I’m a Mississippi girl who grew up in a hunting family. My daddy hunts, my uncles, cousins and grandfather all hunted — pretty much my entire family hunts, but I never had the desire to kill beautiful, wild creatures. I always thought of hunting as something folks did just to shoot something, or to get big mounts up on their walls.
This way of thinking followed me all through high school and college. I was happy being a wildlife watcher. I didn’t care to understand hunting.
My opinions took a major turn last year when I became involved with the Division of Wildlife Resources’ Hunter Ed Plus Program.
The Hunter Ed Plus Program is a two-day mentored shotgun shooting clinic and upland game hunt offered to new hunter education graduates. I was tasked with scheduling mentors and participants for the shotgun clinics and upland game hunts. It was these upland game hunts that would spark my curiosity about hunting.
I tagged along and watched the excitement and pride on new hunters’ faces as they harvested their first pheasants. I watched mentors work their dogs through the fields and point or flush birds. My heart raced each time a bird flew by, even though I wasn’t even hunting! It was a lot of fun to see the mentors passing along hunting traditions and knowledge as the kids absorbed the lessons.
Several weeks after my experience with the Hunter Ed Plus upland game hunts, I had the opportunity to go on my first pheasant hunt in Illinois. I spent a week learning about hunting, fishing and trapping and I practiced my shooting techniques on the shotgun range.
Though I learned a lot about hunting, I was a horrible shot. I think I shot for about an hour and only hit three clays. That would all change on the day of my hunt. Two flushing dogs, a guide, two mentors and one other new hunter accompanied me on my first hunting adventure. As our little cocker spaniel made her way through the field, she “got birdie,” as the guide called it, and all of a sudden, a big rooster flew out right in front of me.
All of my training and practice kicked in and I took the bird down with my first shot. I was so proud! My mentor was jumping up and down screaming “nice shot, nice shot!” It was so much fun. That was the first of two roosters I shot that day.
Even with all of the excitement of pheasant hunting, I didn’t really understand what hunting meant to me until my first big game hunt. I went back to Mississippi in November to take part in my first white-tailed deer hunt.
I’m fortunate to have a great mentor in my daddy. He’s been a hunter all my life and knows a thing or two. My childhood home has about 32 private acres of perfect white-tailed habitat. On the day before the hunt, my daddy and I went back to set up our ground blind on a high hill, just above a small gorge. Everything was ready.
The next day, using my daddy’s gear, I made my way back to the spot. It was mid-afternoon and the wind was in my face. According to daddy, this gave me the edge I needed, as the deer wouldn’t pick up on my scent.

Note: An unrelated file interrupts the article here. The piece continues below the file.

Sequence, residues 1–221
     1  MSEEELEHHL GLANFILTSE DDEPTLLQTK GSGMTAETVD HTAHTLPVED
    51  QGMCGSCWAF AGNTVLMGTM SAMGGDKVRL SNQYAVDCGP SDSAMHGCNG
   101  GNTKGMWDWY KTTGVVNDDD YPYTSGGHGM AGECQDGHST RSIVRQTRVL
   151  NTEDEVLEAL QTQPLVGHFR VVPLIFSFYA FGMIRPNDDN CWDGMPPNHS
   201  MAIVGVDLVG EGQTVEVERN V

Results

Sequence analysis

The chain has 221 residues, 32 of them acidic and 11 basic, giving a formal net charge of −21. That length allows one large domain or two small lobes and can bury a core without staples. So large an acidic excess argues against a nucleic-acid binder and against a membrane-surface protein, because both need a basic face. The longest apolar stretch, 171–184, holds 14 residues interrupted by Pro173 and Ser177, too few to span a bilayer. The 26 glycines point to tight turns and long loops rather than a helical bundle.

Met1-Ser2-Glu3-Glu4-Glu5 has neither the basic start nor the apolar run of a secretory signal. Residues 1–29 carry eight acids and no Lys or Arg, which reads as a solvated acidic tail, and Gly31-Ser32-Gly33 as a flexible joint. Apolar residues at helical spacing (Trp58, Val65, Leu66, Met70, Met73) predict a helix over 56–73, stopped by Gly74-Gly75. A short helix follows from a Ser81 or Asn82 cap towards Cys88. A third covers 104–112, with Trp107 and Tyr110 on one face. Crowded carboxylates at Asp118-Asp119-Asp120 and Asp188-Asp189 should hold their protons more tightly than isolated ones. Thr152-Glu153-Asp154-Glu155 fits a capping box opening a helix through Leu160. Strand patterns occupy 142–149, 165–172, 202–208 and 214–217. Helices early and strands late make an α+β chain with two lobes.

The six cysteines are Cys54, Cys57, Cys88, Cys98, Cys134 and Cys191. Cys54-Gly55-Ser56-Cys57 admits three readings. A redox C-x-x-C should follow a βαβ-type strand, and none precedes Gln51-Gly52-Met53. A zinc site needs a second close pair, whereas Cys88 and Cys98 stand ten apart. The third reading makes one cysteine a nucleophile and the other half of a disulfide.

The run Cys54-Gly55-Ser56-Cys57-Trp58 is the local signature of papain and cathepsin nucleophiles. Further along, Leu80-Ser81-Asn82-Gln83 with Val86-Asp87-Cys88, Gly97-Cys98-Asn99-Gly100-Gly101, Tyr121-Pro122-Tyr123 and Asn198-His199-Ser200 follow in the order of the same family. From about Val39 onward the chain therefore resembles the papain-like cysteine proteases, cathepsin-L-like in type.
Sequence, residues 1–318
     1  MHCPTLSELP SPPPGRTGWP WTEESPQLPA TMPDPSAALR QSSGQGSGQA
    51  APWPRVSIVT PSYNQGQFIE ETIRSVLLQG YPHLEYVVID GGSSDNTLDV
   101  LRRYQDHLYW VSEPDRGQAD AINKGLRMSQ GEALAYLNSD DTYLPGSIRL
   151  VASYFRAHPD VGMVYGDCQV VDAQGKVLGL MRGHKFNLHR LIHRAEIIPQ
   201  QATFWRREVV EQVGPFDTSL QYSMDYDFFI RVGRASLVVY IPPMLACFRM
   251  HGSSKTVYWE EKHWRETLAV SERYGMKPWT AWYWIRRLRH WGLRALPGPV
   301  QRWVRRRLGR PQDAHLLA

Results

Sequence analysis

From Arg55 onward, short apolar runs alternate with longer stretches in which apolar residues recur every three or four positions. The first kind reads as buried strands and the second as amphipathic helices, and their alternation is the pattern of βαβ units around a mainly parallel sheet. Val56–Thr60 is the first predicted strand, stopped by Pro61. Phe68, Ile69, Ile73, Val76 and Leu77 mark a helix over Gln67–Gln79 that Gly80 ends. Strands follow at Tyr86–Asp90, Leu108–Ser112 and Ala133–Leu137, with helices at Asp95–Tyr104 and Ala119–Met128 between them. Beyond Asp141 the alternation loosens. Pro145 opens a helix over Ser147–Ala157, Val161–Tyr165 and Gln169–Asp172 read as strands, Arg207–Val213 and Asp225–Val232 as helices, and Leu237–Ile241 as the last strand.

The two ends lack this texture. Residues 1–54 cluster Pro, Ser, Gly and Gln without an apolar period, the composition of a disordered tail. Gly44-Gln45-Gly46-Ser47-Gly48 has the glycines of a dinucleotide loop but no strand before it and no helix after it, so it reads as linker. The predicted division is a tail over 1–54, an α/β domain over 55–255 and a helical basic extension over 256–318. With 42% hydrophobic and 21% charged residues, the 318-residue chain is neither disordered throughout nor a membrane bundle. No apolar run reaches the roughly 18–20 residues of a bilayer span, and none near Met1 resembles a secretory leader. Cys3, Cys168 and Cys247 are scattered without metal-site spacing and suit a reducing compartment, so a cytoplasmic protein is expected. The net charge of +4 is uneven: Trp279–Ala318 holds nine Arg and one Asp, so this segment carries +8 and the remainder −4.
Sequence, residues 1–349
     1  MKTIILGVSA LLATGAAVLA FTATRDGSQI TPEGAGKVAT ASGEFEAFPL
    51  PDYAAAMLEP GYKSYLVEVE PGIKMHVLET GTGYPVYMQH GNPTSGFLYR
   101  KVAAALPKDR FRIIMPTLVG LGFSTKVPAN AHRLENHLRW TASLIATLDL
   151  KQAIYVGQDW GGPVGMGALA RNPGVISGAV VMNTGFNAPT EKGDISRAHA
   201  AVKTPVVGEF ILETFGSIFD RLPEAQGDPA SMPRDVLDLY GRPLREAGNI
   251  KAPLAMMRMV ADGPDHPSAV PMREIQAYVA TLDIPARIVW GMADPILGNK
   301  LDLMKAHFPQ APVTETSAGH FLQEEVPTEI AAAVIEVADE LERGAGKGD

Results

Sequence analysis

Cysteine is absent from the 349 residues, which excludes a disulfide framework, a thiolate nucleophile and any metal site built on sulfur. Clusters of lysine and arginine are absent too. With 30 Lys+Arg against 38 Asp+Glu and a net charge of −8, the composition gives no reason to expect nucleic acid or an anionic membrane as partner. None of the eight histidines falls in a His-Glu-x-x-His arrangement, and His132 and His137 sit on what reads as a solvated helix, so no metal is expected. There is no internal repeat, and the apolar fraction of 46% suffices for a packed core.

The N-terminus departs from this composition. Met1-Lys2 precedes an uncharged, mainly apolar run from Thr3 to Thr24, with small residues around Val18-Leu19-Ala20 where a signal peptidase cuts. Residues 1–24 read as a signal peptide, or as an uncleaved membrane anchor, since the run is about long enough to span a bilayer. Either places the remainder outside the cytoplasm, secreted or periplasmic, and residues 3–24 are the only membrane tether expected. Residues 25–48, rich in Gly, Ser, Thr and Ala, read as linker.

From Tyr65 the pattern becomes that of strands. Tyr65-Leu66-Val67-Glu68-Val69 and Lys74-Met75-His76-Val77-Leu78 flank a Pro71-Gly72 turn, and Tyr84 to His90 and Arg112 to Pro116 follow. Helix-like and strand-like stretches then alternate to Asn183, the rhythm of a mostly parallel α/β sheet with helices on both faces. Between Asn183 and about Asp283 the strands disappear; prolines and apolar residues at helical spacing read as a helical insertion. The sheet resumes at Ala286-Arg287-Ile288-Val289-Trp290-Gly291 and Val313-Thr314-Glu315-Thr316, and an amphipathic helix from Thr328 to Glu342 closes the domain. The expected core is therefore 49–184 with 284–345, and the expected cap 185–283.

I sat in the blind for about 30 minutes and then I saw something moving through the trees. My heart was pumping! There were several does heading my way.
I was so nervous, I froze. All I could do was watch them walk by. All of a sudden they ran and I knew I had missed my chance. Of course, my daddy and husband made fun of me for choking under pressure. I hunted for seven days during that trip and never saw another deer.
This hunting disappointment prompted my daddy to fly me back to Mississippi in December for my second deer-hunting attempt. That trip was much different.
I had the flu and was getting over a horrible cough. Once I was feeling better, I decided to go back in the woods just to scope things out. I think I sat in the blind for about 20 minutes before I saw deer coming my way.
My daddy had just killed an eight-point buck a few days earlier, so as the doe moved closer to me, I looked to see if a buck might be following. No such luck. Three doe stood in front of me; one was much bigger than the others. I decided to focus my efforts on her.
I took a deep breath and shot. By that point, I was so amped up that I ran down to where I shot her and looked for a blood trail. After all, that’s what my training said I should do. I looked around for about two seconds and then decided to get my daddy to help me track her. Wouldn’t you know it, she was about 10 feet from where I shot her! My daddy just giggled. In all of my excitement, I barely looked to see where she might be.
She wasn’t a huge deer, but to me she was a trophy. I cherish the memories I am making with my daddy and the knowledge he’s passing along to me. This is something no words could ever describe.
During the hunt and after the kill, I went through many unexpected emotions. I watched squirrels run up and down the trees and bark at each other, not knowing I was there. I watched birds forage and heard them sing. It was wonderful to be hidden in nature. It solidified my love for the natural world and for wildlife.
I also felt exhilaration, sorrow and gratitude: excited after I killed the deer, sadness for taking her life, and appreciation for her life and the meat I now had to feed my family. I wanted to use as much of the deer as possible.
To have so much love and appreciation for wildlife, and then to hunt that same wildlife, really opened my eyes to the whole concept. It seems as though we only ever hear about the poachers who steal wildlife and we never really get to hear about how connected a hunter can feel to nature and the wildlife they pursue. It’s great to step into the shoes of the hunter I once judged and to see things from a different perspective.
I am now a lover of wildlife and respective hunter of that wildlife. I’m currently planning my next big hunt: TURKEY in May 2013. Gobble, gobble!